Friday, February 01, 2008

Weight Loss While Hiking

The Louisville (KY) Courier-Journal has a health column called 'The Body Shop' by Bryant Stamford in its 31 January 2008 issue titled "Hard-fought battle; Exercise required for massive fat loss is grueling." The mentions of hiking and the Appalachian Trail are really incidental to his point, summarized in the subtitle. But here's what he says, anyway:
"Here's an example of what an extreme exercise program can do. A reader had asked my advice about how many calories he would need daily to hike the Appalachian Trail, carrying a 40-pound backpack up and down challenging mountainous terrain. To maintain his weight, I estimated 6,000 calories a day. I was pleased to learn from him that when he later consulted the AT guidebook, it also recommended 6,000 calories.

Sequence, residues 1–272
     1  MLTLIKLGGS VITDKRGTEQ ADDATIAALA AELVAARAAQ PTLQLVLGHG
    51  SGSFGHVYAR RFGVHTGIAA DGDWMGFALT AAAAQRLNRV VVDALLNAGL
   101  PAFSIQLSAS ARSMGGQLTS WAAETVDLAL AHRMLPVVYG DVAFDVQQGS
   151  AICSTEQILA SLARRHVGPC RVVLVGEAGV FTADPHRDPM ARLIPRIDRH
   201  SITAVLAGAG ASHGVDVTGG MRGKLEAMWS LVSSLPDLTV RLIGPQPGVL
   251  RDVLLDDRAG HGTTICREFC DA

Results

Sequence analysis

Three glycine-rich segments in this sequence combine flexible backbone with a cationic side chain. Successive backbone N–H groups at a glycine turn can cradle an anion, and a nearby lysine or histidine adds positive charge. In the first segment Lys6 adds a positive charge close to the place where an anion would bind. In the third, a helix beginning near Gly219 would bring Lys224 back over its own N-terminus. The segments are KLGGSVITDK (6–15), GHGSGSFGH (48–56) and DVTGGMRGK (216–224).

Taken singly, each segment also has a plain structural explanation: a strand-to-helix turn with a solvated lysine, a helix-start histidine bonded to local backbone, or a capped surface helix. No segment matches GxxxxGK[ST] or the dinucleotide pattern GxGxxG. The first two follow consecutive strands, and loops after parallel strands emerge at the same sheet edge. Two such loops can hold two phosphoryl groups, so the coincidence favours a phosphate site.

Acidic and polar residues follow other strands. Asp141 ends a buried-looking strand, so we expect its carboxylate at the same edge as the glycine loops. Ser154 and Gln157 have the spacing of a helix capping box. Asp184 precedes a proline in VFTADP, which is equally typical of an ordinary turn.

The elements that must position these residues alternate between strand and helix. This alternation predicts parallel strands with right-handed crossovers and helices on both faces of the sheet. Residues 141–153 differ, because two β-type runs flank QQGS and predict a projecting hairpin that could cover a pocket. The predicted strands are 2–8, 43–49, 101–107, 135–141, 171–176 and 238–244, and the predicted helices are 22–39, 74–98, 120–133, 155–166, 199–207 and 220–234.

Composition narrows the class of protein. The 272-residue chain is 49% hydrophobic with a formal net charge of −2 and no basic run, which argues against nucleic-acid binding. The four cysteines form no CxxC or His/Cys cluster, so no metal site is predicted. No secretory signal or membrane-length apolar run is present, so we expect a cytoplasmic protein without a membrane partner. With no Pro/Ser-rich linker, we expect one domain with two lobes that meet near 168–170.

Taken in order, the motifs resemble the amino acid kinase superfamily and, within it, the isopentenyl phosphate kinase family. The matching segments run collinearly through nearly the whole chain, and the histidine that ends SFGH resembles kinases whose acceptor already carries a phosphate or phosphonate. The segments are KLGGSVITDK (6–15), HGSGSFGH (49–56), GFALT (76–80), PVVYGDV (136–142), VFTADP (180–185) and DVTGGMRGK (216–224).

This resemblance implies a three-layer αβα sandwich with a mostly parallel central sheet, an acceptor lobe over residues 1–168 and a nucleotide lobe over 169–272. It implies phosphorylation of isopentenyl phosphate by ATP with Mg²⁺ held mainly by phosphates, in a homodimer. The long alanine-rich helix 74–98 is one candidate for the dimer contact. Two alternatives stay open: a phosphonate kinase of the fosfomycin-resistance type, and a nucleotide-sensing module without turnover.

"But that would take an amount of food that would be too heavy to carry, so he settled for an intake of only 2,850 calories per day. He averaged hiking 13.5 miles per day for 12 days. The difference between the 6,000 calories expended and 2,850 calories consumed was 3,150 calories each day.

"One pound of fat stores 3,500 calories. As such, with a 3,150-calorie daily deficit, he should have lost a little less than 1 pound of fat per day. The actual outcome was a loss of 11 pounds in 12 days of hiking.

"This example shows that mega-doses of exercise can accelerate the loss of body fat."
Caveats abound, of course, especially the one that warns 'your mileage may vary.'

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